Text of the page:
Meshes of the Afternoon (1943)


Maya Deren
Alexander Hamid
Maya Deren
Director of Photography:
Alexander Hamid

Running time: 14 minutes

Though she directed it with her husband Alexander Hammid (credited as Alexander Hamid), Meshes of the Afternoon has come to be firmly associated with Maya Deren. An amazingly solid surrealist film, it easily inhabits the space that is usually filled with the pompous ego of Un Chien Andalou.

From the outside, Meshes of the Afternoon seems to tell the tale of a slightly disturbed woman, perhaps with suicidal tendencies, who goes to sleep in a chair (it what might or might not be her own house) and proceeds to dream an equally disturbing dream, before, well, it’s not clear at all what happens at the end of the film because over time the apparently clear distinction between dream and reality is elided to the point where Inception would be straightforward.

A few symbols, most prominently the key and the knife, are constantly evoked over the course of this 14-minute film, and it is the way in which they feature and the way Deren and Hammid make them manifest onscreen that turn everyday objects, inanimate as they may be otherwise, into objects of uneasiness. A few jump cuts (and remember, this was 15 years before À Bout de souffle) are used to great effect to unnerve the viewer and another impressively staged sequence involves the main character slithering through the air, or perhaps across the ceiling on her back, in ways that seem possible in a dream.

The film is silent and it goes not for visceral horror, as in Buñuel and Dali’s film, but for a sweet darkness that plays with light and shadow, has an appearance by the Grim Reaper whose face is a mirror (another symbol that will reappear towards the very end of the film) and drags us ever deeper into the hole of uncertainty regarding the clean separation of realities. A bizarre number of close-ups involving feet are also there to interpret as you wish.

What is most admirable about the film is its deft transition between points of view and its seduction of the viewer by making us comfortable with one kind of reality while positioning us to accept another much less definable reality almost immediately. The film certainly succeeds in holding our attention, though towards the end, after shards of a mirror abruptly fall into the ocean (though, unlike the end of Un Chien Andalou, the action does not suddenly shift to the seaside), the film does become slightly less compelling.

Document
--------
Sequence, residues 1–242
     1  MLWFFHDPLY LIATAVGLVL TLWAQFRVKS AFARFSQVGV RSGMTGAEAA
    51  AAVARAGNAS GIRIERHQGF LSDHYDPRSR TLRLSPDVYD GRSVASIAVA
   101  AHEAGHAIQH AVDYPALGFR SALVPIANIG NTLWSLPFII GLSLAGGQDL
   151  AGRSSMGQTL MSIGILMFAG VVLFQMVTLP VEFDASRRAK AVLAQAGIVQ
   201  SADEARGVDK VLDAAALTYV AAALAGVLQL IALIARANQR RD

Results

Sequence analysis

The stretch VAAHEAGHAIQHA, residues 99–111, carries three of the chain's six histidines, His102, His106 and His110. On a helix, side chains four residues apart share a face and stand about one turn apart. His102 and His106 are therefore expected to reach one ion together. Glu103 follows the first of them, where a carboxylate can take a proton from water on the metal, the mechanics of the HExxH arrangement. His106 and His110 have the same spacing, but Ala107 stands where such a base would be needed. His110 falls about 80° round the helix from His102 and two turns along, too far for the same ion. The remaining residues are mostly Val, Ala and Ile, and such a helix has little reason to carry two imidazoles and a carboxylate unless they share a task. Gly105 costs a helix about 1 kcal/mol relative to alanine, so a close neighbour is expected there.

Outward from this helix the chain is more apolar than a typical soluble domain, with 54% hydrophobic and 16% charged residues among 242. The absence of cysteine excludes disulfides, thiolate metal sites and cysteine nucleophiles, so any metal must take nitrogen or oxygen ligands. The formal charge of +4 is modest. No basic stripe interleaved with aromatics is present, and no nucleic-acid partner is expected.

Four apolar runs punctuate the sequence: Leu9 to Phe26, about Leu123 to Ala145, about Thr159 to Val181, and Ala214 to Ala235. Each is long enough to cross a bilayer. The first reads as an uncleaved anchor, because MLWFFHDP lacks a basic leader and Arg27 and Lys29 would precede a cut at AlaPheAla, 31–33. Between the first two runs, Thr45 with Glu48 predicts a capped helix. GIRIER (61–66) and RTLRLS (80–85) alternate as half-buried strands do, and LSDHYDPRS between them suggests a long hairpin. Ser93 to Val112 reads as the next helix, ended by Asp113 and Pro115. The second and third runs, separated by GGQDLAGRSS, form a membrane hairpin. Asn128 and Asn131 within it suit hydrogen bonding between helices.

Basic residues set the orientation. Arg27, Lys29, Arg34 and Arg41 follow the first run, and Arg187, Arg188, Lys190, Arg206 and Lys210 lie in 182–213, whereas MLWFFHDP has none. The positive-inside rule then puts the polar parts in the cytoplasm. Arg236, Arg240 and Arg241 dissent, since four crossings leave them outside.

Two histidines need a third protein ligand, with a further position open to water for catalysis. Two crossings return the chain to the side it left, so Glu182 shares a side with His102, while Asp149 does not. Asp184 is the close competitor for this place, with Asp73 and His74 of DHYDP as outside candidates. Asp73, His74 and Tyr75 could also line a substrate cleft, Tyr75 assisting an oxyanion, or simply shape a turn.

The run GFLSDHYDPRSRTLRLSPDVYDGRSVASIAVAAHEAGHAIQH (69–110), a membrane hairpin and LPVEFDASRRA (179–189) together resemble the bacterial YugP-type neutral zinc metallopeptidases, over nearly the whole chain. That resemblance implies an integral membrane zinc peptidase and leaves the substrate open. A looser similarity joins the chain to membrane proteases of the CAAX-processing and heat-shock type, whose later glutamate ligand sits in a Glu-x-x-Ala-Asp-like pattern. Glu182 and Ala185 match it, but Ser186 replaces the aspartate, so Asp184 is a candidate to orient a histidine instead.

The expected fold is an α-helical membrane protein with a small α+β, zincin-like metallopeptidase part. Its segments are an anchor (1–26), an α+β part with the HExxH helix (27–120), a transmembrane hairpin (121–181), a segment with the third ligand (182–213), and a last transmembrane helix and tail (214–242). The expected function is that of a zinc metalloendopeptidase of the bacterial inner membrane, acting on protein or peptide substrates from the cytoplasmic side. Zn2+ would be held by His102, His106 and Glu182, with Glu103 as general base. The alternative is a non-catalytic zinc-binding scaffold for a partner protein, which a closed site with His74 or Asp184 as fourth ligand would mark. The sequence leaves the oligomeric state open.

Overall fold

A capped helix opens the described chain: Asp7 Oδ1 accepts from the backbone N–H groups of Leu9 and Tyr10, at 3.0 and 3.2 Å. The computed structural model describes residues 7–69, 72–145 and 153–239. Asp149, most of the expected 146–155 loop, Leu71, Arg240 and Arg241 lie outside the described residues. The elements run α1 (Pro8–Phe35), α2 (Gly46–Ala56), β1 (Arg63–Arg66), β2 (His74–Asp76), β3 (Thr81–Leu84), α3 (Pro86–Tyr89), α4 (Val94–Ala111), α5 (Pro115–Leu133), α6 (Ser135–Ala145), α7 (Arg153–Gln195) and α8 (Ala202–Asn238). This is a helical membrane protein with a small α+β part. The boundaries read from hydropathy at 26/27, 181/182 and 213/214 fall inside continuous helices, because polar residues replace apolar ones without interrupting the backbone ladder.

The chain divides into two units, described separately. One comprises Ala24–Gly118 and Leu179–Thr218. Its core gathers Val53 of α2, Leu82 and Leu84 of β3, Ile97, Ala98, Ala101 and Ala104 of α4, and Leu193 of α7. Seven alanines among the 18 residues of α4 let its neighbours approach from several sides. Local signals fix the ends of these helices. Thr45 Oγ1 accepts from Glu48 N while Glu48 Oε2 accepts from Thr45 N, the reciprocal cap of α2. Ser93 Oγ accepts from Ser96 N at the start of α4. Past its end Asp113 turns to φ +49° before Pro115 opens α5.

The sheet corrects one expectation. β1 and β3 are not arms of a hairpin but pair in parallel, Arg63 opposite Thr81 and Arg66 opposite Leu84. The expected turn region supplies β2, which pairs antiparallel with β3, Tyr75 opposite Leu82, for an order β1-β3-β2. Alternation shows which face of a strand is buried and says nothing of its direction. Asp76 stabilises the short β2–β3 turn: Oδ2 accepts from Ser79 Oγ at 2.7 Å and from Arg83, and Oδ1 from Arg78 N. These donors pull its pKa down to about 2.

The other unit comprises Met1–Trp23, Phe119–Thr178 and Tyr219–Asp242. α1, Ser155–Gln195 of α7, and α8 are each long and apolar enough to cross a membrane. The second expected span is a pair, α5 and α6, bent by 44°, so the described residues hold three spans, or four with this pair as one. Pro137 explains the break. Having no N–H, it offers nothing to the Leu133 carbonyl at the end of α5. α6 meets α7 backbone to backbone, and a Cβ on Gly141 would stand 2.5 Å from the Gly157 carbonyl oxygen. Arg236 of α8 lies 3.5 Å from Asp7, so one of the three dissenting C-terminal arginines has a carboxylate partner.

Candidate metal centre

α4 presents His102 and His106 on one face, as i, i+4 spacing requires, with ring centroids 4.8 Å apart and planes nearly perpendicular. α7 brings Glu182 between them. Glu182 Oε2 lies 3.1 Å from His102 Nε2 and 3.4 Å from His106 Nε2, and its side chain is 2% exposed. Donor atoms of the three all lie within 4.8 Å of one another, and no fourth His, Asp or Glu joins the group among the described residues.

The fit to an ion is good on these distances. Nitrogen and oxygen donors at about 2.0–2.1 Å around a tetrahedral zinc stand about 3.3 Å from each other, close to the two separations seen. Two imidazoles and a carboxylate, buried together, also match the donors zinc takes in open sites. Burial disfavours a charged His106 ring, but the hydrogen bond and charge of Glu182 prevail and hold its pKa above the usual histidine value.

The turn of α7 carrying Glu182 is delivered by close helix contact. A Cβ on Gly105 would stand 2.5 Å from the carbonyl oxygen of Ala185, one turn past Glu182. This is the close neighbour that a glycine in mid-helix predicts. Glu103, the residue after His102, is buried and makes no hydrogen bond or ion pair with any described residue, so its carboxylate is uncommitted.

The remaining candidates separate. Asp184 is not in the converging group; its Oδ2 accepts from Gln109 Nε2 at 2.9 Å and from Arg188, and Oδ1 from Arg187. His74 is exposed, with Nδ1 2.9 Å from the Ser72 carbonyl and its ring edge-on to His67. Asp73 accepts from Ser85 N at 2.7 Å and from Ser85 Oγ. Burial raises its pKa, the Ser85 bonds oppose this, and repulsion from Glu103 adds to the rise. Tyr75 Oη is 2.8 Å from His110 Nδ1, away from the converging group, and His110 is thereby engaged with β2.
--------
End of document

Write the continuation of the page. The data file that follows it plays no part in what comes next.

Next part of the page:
The use of the camera is astounding and such simple motions as rolling it from side to side to simulate the sensation of being on a boat, even while the action is inside the very stable confines of a house, is perfectly suited to the material and evokes a slight nausea that is useful if not essential to the viewer’s experience.

The film has more shadows than actual characters and the lack of character names is a fact as interesting as it is significant. The well-known image of the central character looking out of a window, seemingly trapped by a transparent sheet of glass, has been used by many subsequent films and is one of the rare images where the intention and the meaning seem to be apparent.

Meshes of the Afternoon is a rabbit-hole film that would be endlessly fruitful for discussions of the subconscious and the way in which our light and dark desires can manifest themselves in our dreams, not only in images but in movements and most importantly in atmosphere.

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